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Common Name:

Yews

Scientific Name:

Taxus spp.

Family Name:

Taxaceae

Description:

Yews are of historic and ecomomic significance in cold temperate climates. These large evergreen shrubs to small trees are valued for their densely borne dark green needle-like leaves and tolerance to sun or shade in much of their useful range. Yews are favorites along with boxwoods (Buxus spp.) for use as sheared formal hedge or topiary plants. In Texas, yews are minor components of some landscapes in extreme Northeast Texas. Most Taxus spp. are not very heat tolerant and tend to languish in southern portions of USDA zone 7 and warmer climates. Try Podocarpus macrophyllus var. maki as an alternative for Texas landscapes.

Plant Habit or Use:

Shrub, medium shrub, large shrub, spreading conifer, upright conifer, tree, small tree, topiary

Exposure:

sun, partial sun, shade

Flower Color:

Not ornamental, prodigous pollen producers

Blooming Period:

Spring

Fruit Characteristics:

Red arils, mildly interesting

Height:

highly variable, 2 ft to 50 ft depending upon the species, cultivar, and age

Width:

2 ft to 20 ft, highly variable but most shrub forms tend to be broader than tall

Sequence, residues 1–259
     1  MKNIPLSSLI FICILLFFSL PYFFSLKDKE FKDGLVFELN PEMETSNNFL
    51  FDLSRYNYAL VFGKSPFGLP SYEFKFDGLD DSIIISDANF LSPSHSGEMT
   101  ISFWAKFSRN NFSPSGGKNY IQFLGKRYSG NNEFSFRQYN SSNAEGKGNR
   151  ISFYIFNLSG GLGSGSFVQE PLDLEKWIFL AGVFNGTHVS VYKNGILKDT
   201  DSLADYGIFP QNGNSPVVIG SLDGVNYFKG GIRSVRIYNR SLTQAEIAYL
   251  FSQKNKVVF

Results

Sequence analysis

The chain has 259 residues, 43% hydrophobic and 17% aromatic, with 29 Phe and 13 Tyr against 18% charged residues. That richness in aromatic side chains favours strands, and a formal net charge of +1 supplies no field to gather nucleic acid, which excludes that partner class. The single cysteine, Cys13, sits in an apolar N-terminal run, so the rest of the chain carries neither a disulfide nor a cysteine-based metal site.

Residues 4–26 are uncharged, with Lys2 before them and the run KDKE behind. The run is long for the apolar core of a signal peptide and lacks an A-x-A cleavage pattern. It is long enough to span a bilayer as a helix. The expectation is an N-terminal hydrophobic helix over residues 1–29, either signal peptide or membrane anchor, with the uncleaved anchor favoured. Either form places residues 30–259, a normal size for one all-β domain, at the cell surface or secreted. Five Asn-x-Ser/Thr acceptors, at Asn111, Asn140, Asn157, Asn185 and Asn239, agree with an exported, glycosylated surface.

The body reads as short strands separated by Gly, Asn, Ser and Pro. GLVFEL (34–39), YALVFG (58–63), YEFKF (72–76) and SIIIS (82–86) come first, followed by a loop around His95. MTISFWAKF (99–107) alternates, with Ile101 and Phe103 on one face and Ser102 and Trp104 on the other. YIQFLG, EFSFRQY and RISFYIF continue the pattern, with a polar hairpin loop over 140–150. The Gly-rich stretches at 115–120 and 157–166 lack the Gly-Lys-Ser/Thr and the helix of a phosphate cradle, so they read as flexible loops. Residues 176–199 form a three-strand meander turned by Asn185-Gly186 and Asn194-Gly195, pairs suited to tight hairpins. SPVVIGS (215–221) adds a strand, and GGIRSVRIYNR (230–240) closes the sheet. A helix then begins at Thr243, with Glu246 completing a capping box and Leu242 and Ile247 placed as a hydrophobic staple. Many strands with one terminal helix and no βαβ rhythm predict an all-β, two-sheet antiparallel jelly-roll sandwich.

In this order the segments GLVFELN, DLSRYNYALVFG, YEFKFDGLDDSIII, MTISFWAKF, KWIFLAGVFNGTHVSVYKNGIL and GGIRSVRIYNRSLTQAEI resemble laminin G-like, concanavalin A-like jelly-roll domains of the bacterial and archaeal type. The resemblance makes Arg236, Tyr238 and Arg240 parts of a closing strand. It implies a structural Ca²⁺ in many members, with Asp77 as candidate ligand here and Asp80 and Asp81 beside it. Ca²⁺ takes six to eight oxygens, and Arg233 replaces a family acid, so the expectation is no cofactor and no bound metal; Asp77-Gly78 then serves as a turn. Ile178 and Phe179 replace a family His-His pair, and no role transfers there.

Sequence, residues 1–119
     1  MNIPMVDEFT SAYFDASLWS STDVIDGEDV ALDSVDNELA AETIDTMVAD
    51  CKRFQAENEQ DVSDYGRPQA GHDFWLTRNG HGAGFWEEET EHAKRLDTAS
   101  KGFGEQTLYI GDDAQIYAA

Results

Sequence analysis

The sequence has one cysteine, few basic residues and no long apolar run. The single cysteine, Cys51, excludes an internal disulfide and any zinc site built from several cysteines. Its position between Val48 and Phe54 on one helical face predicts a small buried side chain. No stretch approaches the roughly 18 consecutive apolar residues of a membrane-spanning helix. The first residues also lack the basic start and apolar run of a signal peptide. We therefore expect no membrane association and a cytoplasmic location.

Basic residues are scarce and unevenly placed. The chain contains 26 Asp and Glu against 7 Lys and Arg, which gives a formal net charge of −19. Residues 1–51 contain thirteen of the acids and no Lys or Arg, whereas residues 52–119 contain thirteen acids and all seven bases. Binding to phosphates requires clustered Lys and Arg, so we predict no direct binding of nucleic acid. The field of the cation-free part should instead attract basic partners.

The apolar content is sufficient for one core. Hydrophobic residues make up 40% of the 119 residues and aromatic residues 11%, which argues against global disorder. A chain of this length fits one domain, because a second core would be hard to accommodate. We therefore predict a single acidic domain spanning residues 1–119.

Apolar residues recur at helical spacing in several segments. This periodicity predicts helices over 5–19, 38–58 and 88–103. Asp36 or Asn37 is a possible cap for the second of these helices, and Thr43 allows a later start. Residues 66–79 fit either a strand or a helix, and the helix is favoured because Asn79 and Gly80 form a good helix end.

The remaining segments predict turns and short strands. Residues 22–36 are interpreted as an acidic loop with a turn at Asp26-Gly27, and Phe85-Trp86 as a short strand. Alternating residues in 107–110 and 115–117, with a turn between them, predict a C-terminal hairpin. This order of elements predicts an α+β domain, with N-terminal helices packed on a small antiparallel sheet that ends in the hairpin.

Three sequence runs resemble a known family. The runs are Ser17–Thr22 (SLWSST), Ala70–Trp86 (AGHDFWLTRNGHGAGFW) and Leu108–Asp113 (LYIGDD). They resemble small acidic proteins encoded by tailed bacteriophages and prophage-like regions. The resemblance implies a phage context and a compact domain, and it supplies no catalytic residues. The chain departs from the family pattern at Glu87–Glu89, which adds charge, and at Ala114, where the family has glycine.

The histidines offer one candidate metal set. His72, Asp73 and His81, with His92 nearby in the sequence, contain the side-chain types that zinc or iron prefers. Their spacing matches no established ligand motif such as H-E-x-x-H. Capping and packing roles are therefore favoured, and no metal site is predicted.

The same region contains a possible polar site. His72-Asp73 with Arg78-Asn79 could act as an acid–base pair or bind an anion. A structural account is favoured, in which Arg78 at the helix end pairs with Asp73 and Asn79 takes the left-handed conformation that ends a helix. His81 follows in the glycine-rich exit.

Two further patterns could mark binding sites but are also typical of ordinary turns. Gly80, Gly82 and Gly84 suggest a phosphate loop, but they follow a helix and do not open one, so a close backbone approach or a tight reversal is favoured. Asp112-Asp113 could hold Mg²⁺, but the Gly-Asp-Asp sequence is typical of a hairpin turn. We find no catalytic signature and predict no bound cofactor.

Earth–Kind® Index:

  • Heat Tolerance: Low Heat Tolerance
  • Water Requirements: Medium Water Use
  • Soil Requirements: Medium Soil Requirements
  • Pest Tolerance: High Pest Resistance
  • Fertility Requirements: Medium Fertility Requirements
Explanation of the Earth–Kind® Index breakdown

Firewise Index

5.00
Explanation of the Firewise Index numerical value

USDA Hardiness Zones:

2, 3, 4, 5, 6, 7

Regions that intersect these hardiness zones:
Region A - Panhandle and High Plains Region B - North and Central Texas Region D - West Texas
Click image for enlarged map of USDA Hardiness Zones

Additional Comments:

Yews require excellent drainage and should be sheltered from drying winds. Maximum cold hardiness varies among species and cultivars from USDA zone 2 to 6b. If culture is attempted in Texas, plants should be located in a shady spot, preferably along the north or northeast side of a building and provided well drained organic soil and a steady moisture supply.
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A Special Note about Cool Season Annuals

Cool season annuals typically are planted in the fall or early winter and flower in early spring under moderate temperatures. This group of plant materials includes: pansies, snapdragons, violas, dianthus, flowering cabbage/kale, etc. Because cool season annuals flower in the spring when conditions are mild, most have limited heat tolerance.

As a result cool season annuals do not receive a high Earth–Kind® index despite their outstanding landscape qualities.